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strike1Having just got around to reading the novel, which I consider to be the best of the three JK Rowling- as- Robert Galbraith works I was looking forward to catching up with this two-parter shown over the last couple of Sunday nights.

I read “The Cuckoo’s Calling” a few months before the TV adaptation which was early enough to get my own visual impressions of one-legged man mountain Private Investigator Cormoran Strike and of his assistant Robin Ellacott and to initially feel that neither Tom Burke nor Holliday Grainger seemed right.  It took about 20 minutes to revise my opinion of Burke as Strike and admittedly a little longer to see Holliday as Robin but I’m there totally now with both portrayals.

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 Career Of Evil” is pushing 500 pages in the hardback edition and I did wonder how this could be compressed into two hour long episodes and how some of the darker fare on offer in the novel would be translated onto the screen for Sunday evening viewing.  That job went to writer Tom Edge, who also had some considerable condensing to do when “The Silkworm” was adapted into two hours.  The first episode seemed to rattle along, and was good quality story-telling and television.  I did have reservations about the second part as  in the rush to get things to the conclusion it inevitably became confusing.  “So who did it then?” my partner (who had not read the book) asked as the end credits came up- not the best result for a crime drama.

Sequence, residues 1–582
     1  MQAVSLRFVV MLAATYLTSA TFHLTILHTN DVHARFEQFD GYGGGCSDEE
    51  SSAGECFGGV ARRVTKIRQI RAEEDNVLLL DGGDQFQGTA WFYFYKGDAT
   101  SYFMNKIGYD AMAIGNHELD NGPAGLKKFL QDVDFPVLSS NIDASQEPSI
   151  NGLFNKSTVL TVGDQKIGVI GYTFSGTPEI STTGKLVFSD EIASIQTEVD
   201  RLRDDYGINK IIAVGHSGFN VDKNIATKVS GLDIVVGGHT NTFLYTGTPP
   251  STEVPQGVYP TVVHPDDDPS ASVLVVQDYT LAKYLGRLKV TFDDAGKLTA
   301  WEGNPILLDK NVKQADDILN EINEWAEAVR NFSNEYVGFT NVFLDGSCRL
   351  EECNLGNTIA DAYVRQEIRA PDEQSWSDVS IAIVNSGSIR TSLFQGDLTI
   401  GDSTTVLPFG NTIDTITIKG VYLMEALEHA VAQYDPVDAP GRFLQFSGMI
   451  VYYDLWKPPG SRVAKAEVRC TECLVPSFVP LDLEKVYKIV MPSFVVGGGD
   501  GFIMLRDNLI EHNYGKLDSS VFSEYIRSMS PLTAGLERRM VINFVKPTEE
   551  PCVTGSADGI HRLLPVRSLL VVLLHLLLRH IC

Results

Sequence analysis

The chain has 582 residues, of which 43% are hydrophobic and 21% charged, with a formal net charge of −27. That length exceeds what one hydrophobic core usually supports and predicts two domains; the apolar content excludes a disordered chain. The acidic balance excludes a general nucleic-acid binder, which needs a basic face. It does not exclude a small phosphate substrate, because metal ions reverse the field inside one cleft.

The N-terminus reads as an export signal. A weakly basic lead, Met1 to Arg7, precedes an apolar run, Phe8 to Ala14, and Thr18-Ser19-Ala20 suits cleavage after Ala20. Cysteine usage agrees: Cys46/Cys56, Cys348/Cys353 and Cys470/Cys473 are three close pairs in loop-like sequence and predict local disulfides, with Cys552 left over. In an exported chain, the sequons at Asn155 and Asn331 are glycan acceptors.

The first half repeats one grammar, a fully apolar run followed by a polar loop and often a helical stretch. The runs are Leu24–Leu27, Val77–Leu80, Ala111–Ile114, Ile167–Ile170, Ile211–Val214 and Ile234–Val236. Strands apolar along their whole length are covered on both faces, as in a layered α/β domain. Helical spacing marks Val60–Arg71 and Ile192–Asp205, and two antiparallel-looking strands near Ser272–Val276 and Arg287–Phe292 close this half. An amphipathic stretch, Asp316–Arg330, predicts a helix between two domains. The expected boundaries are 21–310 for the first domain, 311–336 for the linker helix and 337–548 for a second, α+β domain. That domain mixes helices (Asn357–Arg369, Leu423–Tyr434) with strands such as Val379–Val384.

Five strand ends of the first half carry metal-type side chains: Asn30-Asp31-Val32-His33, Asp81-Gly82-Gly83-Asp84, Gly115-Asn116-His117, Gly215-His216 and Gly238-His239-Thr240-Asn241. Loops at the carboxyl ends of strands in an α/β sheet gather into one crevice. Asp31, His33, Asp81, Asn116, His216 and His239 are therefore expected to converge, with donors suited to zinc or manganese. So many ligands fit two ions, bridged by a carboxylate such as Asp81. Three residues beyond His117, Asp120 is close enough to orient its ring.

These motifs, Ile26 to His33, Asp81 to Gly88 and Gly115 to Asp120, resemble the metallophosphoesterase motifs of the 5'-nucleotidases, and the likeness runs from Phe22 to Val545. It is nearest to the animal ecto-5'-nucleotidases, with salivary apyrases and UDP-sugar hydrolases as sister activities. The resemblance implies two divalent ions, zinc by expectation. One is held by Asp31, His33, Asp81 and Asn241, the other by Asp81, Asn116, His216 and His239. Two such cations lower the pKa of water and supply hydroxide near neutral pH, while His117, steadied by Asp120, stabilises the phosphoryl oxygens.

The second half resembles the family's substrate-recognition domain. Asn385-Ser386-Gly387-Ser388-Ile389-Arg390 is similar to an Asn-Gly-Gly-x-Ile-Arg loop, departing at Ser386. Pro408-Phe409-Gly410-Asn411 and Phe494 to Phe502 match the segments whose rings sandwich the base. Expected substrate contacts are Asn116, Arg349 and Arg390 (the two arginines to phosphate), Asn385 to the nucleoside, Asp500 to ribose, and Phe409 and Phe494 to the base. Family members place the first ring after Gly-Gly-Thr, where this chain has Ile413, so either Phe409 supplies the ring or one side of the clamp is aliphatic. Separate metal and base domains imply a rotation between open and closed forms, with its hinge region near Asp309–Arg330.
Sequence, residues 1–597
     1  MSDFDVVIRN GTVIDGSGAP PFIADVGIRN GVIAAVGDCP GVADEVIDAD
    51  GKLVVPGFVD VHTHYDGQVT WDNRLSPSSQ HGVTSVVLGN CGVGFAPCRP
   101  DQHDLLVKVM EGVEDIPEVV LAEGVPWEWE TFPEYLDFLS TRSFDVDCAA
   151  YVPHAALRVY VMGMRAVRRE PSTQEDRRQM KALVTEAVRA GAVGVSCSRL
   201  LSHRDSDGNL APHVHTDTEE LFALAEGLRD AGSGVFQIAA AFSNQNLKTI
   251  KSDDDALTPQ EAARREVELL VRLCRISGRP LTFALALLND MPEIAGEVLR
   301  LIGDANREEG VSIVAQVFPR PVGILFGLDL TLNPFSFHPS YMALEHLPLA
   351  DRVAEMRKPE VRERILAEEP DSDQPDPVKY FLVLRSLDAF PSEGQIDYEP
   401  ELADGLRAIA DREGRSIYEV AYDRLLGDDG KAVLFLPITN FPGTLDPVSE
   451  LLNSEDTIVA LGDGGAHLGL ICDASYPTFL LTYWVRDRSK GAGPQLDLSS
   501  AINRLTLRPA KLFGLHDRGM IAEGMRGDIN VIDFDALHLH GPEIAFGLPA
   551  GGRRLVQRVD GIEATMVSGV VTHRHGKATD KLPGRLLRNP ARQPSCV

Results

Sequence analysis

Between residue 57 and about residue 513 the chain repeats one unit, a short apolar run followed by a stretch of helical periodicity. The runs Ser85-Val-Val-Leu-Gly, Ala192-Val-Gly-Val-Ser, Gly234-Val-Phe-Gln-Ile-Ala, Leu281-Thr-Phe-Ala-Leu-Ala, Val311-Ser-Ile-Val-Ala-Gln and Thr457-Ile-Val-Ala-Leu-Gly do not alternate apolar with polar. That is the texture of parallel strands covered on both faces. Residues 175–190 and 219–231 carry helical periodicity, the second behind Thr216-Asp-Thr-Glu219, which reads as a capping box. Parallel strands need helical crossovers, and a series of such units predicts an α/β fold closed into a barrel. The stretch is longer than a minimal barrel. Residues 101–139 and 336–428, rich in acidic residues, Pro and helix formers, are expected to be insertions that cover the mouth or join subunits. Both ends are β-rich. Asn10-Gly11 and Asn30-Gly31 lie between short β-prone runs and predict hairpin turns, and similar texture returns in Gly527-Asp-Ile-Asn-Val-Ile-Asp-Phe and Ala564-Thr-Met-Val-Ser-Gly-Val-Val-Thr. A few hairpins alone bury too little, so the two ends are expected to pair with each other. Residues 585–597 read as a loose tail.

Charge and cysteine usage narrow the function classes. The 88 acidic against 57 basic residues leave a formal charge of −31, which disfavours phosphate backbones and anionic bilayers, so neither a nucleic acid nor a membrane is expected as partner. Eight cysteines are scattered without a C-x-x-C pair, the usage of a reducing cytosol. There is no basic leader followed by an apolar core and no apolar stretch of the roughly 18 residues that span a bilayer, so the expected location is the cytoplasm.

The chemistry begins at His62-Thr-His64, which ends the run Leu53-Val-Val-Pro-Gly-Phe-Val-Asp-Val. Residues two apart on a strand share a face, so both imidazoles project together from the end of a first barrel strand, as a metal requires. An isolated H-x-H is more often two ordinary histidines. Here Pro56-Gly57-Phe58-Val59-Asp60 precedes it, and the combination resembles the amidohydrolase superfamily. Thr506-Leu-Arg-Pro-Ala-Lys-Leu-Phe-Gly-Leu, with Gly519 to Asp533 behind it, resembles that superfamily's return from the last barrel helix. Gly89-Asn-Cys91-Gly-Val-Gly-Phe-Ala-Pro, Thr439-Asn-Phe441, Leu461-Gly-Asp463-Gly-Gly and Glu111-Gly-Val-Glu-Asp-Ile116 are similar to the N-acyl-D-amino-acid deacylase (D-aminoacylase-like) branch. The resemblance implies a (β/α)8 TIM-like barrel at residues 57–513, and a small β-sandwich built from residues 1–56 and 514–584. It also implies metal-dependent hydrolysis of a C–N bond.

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 In my review of the book I mentioned my difficulty in distinguishing between two of the suspects.  Here I felt that they were introduced with more distance between them so thought they would get around this but there wasn’t the time to devote to them so it became equally confusing.  There was some too obvious sign-posting of one of the main twists in the book and an implausible touch about identity towards the end which would not have been out of place in an episode of “Scooby Doo”.

 I quite like it when Rowling gets dark.  It’s like seeing Holly Willoughby swearing on “Celebrity Juice”, it feels so unexpected and naughtier.  Here the serial killer elements which darkened the novel considerably were very underplayed and the whole theme of Body Integrity Identity Disorder (a feeling that a limb does not belong by an otherwise healthy person and needs to be amputated) which was disturbingly explored in the novel was very much left on the shelf here with Cormoran’s appeal to the murdered girl being teen adulation rather than for his missing leg.  Strike was also made more of a suspect here when the plans to undermine his business came across more subtly in the book. Some characters had their parts bumped up (Matthew) and some reduced (Alyssa).  The Blue Oyster Cult, whose role I felt the author had overplayed in the book also moved more into the background.

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 Still, there were only two hours to play with and as much as for the crime most of us were tuning in to see the relationship and interplay between the two main characters, especially with Robin approaching her nuptials (no Royal Wedding element here as in the novel with its more specific time frame) and here we were certainly not disappointed.  I do like these adaptations but feel here an extra hour was required to bring out the richness there is in the novel, both in terms of plot-line and character.  The book is better than the TV adaptation but I still felt highly involved.